When I think of an engineer I picture someone with advanced degrees, a firm grasp of graduate level math, and a white lab coat.
No, I’m not smart enough to have the word “engineer” anywhere near my name or job description.
Instead, I much prefer to go by the term audio enthusiast. I’m simply a music lover – and I believe that’s of advantage to my recordings and mixes in three ways.
I Don’t Get Distracted By The Gear
Love me for it and hate me for it, I really don’t care what gear I use to make a record.
As fun as the tools are, to me they are simply that – tools. And the tools are not the reason I got into record making. They are simply a necessary means to a much desired end: awesome sounding music.
I have too many friends in the industry who obsess over gear (specs, reviews, blind tests) that they never seem to talk about music any more. Just gear.
How sad that is, when the studios, the gear, and the “engineers” all exist to serve the song.
I Don’t Get Distracted By The Techniques
This one might come off as being a bit ironic, given that I run an online resource that dishes out quite a lot of helpful (I hope) techniques and tricks relating to recording and mixing music in the home studio.
The truth is, while I teach the techniques that I believe to be the most helpful for someone like you, the ones that have proven most helpful to me, I view them (again) simply as a means to an end.
I am only interested in a new technique if it helps me achieve a better result in the studio.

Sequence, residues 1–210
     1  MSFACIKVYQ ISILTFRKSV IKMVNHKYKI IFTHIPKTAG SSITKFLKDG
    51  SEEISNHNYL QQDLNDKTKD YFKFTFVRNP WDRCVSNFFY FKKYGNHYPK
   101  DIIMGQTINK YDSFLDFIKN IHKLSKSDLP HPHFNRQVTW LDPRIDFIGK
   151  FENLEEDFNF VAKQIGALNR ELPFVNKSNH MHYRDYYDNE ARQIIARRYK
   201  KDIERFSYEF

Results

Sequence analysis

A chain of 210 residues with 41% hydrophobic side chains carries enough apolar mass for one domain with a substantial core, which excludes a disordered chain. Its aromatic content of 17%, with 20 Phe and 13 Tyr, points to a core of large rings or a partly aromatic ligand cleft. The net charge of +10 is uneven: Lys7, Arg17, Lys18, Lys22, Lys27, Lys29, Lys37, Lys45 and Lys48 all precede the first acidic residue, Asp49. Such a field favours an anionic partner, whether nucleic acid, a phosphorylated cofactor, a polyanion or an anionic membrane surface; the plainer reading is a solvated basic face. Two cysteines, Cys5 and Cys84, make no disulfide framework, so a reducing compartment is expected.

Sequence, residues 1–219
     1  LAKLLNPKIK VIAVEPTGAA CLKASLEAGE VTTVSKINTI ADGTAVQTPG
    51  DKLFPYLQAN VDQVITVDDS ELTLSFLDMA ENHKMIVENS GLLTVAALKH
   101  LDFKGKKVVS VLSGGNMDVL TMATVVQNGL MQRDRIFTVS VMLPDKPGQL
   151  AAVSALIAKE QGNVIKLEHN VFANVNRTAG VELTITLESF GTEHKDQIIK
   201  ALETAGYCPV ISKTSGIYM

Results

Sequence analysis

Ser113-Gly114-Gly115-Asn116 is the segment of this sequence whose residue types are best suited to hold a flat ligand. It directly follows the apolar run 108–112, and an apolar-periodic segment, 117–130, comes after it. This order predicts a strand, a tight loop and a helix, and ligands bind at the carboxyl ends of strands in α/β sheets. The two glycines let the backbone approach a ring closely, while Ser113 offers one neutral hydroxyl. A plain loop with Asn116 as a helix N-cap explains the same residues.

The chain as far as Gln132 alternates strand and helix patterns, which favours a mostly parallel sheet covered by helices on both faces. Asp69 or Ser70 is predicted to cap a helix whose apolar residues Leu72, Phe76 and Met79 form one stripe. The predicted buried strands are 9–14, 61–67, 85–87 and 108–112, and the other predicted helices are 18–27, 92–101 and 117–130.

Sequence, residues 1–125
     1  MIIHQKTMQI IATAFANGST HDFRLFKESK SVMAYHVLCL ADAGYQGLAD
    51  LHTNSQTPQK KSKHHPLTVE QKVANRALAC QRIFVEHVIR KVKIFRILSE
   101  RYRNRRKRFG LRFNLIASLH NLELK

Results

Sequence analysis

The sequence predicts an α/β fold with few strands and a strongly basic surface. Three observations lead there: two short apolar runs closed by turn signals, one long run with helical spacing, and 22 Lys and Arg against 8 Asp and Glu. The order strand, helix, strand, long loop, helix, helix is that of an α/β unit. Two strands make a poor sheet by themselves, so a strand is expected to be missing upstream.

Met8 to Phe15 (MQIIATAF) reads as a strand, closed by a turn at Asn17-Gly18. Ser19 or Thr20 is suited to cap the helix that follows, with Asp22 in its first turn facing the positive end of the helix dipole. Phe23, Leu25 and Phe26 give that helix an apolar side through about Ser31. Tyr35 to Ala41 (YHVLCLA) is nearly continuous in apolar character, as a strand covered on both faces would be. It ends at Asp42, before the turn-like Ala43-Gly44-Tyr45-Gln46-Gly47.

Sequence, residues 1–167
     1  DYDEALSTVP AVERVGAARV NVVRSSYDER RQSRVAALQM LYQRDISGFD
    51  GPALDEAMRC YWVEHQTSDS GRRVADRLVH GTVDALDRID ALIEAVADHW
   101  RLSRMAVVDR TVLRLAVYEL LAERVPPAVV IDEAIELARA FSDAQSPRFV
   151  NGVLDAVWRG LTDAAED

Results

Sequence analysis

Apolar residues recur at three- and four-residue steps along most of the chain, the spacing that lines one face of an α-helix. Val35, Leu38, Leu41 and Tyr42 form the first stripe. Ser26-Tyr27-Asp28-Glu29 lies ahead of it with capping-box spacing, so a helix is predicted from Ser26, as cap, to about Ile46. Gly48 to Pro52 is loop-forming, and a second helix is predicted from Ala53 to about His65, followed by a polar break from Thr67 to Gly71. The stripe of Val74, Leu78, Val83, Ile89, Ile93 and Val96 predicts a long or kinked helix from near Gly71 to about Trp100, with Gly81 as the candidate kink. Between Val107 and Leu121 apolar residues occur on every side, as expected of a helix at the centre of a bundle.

I’m not on the hunt for techniques purely for techniques sake. That would miss the point.
Again, my simplicity in the area of music making helps me avoid the endless discussions of which method of recording/mixing is best and instead focus purely on the music and making sure it sounds killer.
I Don’t Get Distracted By The Industry At Large
As much as I love (most of the time) the industry I work in, I’m not that interested in knowing all the latest details of what’s happening within it.
I’m pretty out of the loop and in the dark about anything and anyone that’s happening right now.
Sometimes that makes me feel a bit dimwitted and foolish. In moments of insecurity I think “Gee, maybe I should take part in more discussions online about what’s happening in the music industry right now.”
But I find that I make better music when I focus on just that – making better music. Not talking about engineers, industry trends, or the latest shift in technology.
You Don’t Have To Be The Smartest Person In The Room
Lest you think this article is all about me and how I don’t get distracted by stuff – let me arrive at the main point: making great sounding recordings and mixes is at its core a simple and achievable task.
You do not have to be a genius (or a lab coat wearing Abbey Road engineer) to achieve your musical goals.
You must, however, possess an unquenchable thirst and desire for great music (and making it yourself).
If you know what good music sounds like, you can make a great record. Sadly knowing all the gear, tips/tricks, and industry secrets doesn’t inherently mean you know what good music sounds like.
The more you focus on (and listen to) great sounding music, the more prepared you will be to get great sounding recordings and mixes. No “engineering” required.
If you let it, that truth will be an encouragement to you. It is to me.
So let me ask you – what is (in your opinion) the best sounding album of all time. The one record that fires you up and makes you want to record or mix something, every time you hear it? Share below!